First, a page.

Sponsors: InterVarsity • Graduate Christian Fellowship • Campus Renewal Ministries • The Cross - Greek Christian Ministry • Adventist Christian Fellowship • InterVarsity Collegiate Black Christian • Baptist Collegiate Ministries • Cedar Springs College Ministry • Cru • Presbyterian Student Center • Reformed University Fellowship • InterVarsity Asian-American Christian Fellowship
Co-Sponsored by: UTK Department of Anthropology
Jeffrey P. Schloss is Distinguished Professor and T. B. Walker Chair of Biology at Westmont College. He received his undergraduate degree in Biology from Wheaton College and doctoral training in Ecology & Evolutionary Biology from University of Michigan and Washington University. He has held teaching appointments at the University of Michigan, Wheaton College, and the Global Stewardship Study Program. He has been a Danforth Fellow, a Crosson Fellow at the University of Notre Dame Center for Philosophy of Religion, and a Plummer Fellow at Oxford University. He writes and speaks widely on the interdisciplinary implications of evolutionary approaches to altruism and morality.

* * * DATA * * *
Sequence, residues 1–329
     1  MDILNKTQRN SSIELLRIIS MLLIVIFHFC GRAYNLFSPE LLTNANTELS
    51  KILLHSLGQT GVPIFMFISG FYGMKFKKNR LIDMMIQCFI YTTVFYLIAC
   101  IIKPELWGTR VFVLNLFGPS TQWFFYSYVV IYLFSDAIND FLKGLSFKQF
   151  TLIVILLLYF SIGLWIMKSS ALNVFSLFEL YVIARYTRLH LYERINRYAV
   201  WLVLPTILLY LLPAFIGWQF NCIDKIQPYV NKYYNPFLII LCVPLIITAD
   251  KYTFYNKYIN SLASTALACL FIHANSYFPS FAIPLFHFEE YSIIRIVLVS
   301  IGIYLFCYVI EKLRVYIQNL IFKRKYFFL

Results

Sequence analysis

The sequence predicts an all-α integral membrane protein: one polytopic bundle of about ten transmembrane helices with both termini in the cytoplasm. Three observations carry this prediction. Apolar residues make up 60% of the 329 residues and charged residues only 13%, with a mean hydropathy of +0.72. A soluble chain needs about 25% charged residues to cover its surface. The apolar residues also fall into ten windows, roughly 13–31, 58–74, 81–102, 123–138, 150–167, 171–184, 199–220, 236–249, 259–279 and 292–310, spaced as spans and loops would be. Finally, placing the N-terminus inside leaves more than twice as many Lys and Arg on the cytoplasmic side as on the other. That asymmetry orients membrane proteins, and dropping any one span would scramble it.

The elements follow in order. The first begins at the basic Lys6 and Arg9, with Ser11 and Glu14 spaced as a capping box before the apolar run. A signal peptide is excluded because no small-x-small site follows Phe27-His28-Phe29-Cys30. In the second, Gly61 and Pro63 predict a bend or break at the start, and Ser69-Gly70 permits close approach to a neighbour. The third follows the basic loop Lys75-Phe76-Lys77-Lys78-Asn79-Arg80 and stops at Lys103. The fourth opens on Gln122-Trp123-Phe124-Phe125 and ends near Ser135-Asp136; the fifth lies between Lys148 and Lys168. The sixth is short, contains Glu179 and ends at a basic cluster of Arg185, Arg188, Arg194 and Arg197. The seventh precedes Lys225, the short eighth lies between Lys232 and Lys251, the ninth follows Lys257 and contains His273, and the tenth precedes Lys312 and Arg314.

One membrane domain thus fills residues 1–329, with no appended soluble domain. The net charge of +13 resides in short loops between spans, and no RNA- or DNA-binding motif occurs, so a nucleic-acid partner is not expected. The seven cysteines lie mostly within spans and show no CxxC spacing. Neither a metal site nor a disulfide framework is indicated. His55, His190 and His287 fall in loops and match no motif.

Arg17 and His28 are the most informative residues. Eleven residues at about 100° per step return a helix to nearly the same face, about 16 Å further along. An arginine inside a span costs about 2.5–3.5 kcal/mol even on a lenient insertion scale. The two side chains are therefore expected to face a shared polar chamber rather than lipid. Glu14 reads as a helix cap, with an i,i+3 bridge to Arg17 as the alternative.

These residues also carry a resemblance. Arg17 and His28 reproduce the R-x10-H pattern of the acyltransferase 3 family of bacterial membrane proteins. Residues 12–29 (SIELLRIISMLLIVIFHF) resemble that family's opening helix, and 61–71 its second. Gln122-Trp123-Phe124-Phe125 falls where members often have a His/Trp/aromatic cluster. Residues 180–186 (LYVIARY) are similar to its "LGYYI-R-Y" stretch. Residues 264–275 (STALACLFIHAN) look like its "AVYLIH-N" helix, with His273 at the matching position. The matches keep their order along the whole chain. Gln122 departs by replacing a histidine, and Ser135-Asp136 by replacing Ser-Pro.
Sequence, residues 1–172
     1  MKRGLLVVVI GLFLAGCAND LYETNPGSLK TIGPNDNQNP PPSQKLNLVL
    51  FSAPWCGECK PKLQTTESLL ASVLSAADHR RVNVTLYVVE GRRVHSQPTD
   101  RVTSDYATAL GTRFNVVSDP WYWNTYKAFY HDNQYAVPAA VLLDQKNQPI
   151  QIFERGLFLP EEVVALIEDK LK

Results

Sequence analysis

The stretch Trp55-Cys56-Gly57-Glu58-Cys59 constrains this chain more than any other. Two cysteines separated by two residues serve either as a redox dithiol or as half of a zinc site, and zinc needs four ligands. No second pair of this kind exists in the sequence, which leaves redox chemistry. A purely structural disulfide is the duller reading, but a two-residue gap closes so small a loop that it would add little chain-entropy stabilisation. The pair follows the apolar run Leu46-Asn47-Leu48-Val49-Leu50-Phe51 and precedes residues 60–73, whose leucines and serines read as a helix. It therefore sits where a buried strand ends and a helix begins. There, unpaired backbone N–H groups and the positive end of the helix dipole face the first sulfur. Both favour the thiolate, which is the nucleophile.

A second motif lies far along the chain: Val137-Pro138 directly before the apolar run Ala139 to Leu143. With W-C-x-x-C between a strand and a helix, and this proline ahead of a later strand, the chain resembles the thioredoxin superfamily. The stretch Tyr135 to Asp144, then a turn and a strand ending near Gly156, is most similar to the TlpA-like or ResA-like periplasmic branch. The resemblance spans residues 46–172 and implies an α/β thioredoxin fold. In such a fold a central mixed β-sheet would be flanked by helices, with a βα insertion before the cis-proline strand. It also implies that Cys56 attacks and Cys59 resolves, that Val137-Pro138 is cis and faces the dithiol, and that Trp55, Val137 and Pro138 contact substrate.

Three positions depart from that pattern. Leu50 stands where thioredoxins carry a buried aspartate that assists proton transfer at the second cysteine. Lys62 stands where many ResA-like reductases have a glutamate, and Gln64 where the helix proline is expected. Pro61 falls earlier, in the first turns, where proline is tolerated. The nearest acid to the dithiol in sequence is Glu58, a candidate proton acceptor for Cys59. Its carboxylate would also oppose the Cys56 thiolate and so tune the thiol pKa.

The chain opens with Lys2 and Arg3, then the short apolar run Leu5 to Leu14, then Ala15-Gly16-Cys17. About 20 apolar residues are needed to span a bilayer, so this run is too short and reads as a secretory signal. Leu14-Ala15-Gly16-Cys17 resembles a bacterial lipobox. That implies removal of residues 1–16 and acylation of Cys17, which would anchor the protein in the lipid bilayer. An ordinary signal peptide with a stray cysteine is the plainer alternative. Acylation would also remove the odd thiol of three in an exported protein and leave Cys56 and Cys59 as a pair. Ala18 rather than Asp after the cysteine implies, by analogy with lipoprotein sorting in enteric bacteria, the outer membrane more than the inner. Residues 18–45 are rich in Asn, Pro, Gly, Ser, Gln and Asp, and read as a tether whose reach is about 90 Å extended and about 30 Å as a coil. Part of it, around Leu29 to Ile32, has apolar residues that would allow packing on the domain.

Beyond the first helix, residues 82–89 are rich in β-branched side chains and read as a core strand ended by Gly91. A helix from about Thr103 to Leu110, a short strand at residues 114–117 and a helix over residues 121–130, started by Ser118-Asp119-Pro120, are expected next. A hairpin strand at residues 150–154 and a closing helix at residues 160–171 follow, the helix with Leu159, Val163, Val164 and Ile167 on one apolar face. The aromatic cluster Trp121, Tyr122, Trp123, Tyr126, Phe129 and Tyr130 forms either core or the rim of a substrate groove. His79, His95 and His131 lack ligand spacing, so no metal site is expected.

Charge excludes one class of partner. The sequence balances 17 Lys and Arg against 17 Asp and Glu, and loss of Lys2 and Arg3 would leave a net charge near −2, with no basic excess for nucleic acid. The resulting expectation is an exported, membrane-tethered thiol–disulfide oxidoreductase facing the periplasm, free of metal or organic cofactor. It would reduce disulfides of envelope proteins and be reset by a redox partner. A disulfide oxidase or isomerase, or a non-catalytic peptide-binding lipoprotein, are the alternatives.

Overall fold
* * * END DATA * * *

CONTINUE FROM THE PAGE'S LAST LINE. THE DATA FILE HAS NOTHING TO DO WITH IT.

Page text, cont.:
Dr. Andrew Kramer is a Professor of Anthropology and the Head of the Department of Anthropology at the University of Tennessee. Kramer earned his B.A. in Anthropology from the University of California, Berkeley, and both his M.A. and Ph.D. in Anthropology at the University of Michigan.
Dr. Kramer specializes in Biological Anthropology, specifically Paleoanthropology, species recognition in fossils, and reconstructing human evolution. His research has taken him around the world: from West Java, Indonesia, to Africa where he oversaw paleoanthropological, archaeological and geological fieldwork at various sites.
His research interest centers around the issue of human origins, specifically addressing the questions of: When did humans split from the common ancestor we share with the apes? Where and how did modern humans first evolve? How can an extinct species, often represented only by fragmentary bones and teeth, be recognized in the fossil record?